A revamped gaming bill that will allow for statewide mobile sports betting in Alabama passed the state senate Tuesday night, and now heads to the House for approval. The constitutional amendment, which is similar to one that narrowly failed to pass the Senate earlier this session, would allow for nine casinos and sportsbooks, including three operated by the Poarch Band of Creek Indians. Casinos would be located in Greene, Houston, Jefferson, Macon, and Mobile counties. An additional casino could be located in either DeKalb or Jackson counties.
Should the House pass the bill, a referendum would go before voters.
The bill, which passed, 23-9, would also legalize a state lottery. Alabama is currently one of six states that does not have a lottery. The bill required a two-thirds majority to pass.
In March, Sen. Del Marsh was two votes shy of getting his initial referendum bill passed. The key difference between the first go-round and the most recent is that SB 319 requires a bid process for casinos but SB 214 did not. When SB 214 failed, Marsh said he’d try to bring it back for a second look this session, which ends May 30.
Operators will have three skins
The latest proposal would allow each operator to have three mobile skins or platforms, and sets the tax rate at 20%. The bill names the Alabama Gaming Commission as the regulator and would create an advisory board to work with the gaming commission. The advisory board would be comprised of political appointees selected by the governor and other leadership.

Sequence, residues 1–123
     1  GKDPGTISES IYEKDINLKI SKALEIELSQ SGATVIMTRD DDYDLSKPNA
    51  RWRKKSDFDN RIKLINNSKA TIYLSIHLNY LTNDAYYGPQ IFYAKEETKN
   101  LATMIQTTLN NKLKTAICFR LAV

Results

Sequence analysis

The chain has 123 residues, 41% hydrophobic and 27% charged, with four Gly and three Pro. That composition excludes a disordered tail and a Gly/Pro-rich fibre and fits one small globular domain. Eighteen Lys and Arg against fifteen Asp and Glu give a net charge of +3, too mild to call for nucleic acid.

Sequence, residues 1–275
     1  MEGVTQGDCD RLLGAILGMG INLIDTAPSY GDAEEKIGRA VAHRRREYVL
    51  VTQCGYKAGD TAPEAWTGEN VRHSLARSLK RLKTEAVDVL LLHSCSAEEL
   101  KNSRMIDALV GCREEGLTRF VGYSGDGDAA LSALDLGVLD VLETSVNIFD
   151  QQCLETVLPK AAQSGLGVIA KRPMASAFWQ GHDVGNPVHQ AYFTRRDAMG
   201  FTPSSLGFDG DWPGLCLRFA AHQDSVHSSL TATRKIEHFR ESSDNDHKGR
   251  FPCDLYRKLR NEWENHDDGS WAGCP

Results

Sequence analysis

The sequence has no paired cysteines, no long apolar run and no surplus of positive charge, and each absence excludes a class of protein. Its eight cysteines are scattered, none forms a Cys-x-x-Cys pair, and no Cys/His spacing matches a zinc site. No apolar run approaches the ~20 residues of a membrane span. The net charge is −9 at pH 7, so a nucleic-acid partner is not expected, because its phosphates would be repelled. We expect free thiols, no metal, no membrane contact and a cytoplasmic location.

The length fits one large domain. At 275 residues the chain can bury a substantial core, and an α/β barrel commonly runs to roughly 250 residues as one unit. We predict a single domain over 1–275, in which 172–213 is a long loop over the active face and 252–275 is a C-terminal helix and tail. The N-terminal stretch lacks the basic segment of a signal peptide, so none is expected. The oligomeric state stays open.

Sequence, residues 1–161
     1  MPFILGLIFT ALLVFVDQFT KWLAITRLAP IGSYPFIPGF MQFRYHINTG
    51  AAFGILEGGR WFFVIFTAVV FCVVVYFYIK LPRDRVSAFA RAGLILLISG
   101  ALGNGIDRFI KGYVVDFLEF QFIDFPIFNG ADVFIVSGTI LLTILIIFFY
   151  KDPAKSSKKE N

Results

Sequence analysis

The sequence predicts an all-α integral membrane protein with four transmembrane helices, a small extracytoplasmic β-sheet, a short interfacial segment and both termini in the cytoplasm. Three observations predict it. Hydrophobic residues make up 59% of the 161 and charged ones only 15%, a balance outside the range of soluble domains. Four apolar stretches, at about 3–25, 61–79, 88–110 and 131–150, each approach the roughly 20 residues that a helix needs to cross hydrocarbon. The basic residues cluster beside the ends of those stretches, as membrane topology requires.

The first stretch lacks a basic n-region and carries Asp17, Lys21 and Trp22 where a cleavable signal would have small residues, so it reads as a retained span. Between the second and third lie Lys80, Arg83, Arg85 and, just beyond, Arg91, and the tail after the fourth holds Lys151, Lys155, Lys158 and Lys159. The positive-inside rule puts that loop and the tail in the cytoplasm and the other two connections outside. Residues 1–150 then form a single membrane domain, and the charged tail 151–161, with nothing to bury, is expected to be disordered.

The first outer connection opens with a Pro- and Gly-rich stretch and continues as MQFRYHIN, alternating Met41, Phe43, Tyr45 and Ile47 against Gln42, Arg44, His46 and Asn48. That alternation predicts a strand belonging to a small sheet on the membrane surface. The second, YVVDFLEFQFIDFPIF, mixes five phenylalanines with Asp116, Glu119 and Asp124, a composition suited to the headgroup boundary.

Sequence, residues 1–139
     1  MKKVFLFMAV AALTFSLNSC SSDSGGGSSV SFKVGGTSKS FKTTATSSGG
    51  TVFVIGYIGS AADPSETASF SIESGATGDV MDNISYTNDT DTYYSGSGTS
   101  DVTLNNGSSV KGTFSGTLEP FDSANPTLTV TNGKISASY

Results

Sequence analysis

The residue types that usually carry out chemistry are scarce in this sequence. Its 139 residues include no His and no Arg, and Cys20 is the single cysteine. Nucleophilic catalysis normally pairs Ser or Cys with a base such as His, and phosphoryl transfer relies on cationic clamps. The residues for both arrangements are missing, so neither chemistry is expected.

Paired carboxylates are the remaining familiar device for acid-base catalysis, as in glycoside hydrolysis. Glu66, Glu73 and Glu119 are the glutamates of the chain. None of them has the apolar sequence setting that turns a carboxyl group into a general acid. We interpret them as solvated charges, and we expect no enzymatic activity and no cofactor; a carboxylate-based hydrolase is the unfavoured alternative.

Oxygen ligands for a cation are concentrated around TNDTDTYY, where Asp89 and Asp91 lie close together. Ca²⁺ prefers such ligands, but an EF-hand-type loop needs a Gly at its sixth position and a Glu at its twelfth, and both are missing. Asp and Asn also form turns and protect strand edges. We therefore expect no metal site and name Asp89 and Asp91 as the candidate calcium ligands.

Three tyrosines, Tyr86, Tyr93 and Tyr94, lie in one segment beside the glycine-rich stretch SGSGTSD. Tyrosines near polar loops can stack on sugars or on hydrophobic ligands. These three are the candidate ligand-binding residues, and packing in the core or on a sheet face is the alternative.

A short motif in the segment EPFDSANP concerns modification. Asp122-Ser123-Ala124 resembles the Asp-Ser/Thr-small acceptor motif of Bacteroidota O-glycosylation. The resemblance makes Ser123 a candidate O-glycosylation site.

In addition, the bill explicitly allows for the commission to license operators who are licensed by “another jurisdiction that has similar licensing requirements,” which could speed up the licensing process. The bill does not name what those other jurisdictions would be, but sports wagering is legal and live in two of Alabama’s border states — Mississippi and Tennessee.
Among the proposed sites for casinos are named in the bill: Birmingham Race Course (Jefferson), Mobile Greyhound Racing (Mobile), Victoryland (Macon).
Licensing fee: $100,000
Other key elements of the bill:
- A minority participation section that tasks the commission with creating a “plan that achieves to the greatest extent possible a level of participation by minority businesses taking into account the total number of all covered operators”;
- Casino licensing fees of: $35 million fee for the Jefferson County casino location, $20 million for the Victoryland location, $5 million for the Greenetrack, Houston, and Mobile locations, and a to-be-determined licensing fee between $5-$35 million each depending on locations selected by the Poarch Creek Band of Indians. Each fee can be paid in equal installments over 10 years;
- A sports betting licensing fee of $100,000 with an annual renewal to be determined by the commission;
- The legal age for wagering would be set at 21; and
- 95% of proceeds from sports betting revenue are earmarked for the Gaming Trust Fund, while the remaining 5% of tax revenue will be split between two local government bodies.